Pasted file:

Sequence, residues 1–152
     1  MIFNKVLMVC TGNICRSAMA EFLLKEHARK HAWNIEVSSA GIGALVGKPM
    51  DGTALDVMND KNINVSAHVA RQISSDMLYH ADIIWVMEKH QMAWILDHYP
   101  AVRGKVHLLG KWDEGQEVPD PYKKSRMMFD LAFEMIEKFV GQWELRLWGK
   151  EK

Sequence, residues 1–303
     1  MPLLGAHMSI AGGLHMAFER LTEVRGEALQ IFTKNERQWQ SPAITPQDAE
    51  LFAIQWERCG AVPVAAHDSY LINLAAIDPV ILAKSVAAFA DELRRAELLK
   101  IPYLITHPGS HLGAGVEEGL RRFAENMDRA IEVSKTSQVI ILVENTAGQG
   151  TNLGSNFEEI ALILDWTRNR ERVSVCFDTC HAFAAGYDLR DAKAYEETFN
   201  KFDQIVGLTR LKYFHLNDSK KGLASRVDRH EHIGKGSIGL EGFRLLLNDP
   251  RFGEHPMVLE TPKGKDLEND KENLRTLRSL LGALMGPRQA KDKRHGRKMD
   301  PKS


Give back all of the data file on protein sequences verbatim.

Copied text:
Sequence, residues 1–152
     1  MIFNKVLMVC TGNICRSAMA EFLLKEHARK HAWNIEVSSA GIGALVGKPM
    51  DGTALDVMND KNINVSAHVA RQISSDMLYH ADIIWVMEKH QMAWILDHYP
   101  AVRGKVHLLG KWDEGQEVPD PYKKSRMMFD LAFEMIEKFV GQWELRLWGK
   151  EK

Sequence, residues 1–303
     1  MPLLGAHMSI AGGLHMAFER LTEVRGEALQ IFTKNERQWQ SPAITPQDAE
    51  LFAIQWERCG AVPVAAHDSY LINLAAIDPV ILAKSVAAFA DELRRAELLK
   101  IPYLITHPGS HLGAGVEEGL RRFAENMDRA IEVSKTSQVI ILVENTAGQG
   151  TNLGSNFEEI ALILDWTRNR ERVSVCFDTC HAFAAGYDLR DAKAYEETFN
   201  KFDQIVGLTR LKYFHLNDSK KGLASRVDRH EHIGKGSIGL EGFRLLLNDP
   251  RFGEHPMVLE TPKGKDLEND KENLRTLRSL LGALMGPRQA KDKRHGRKMD
   301  PKS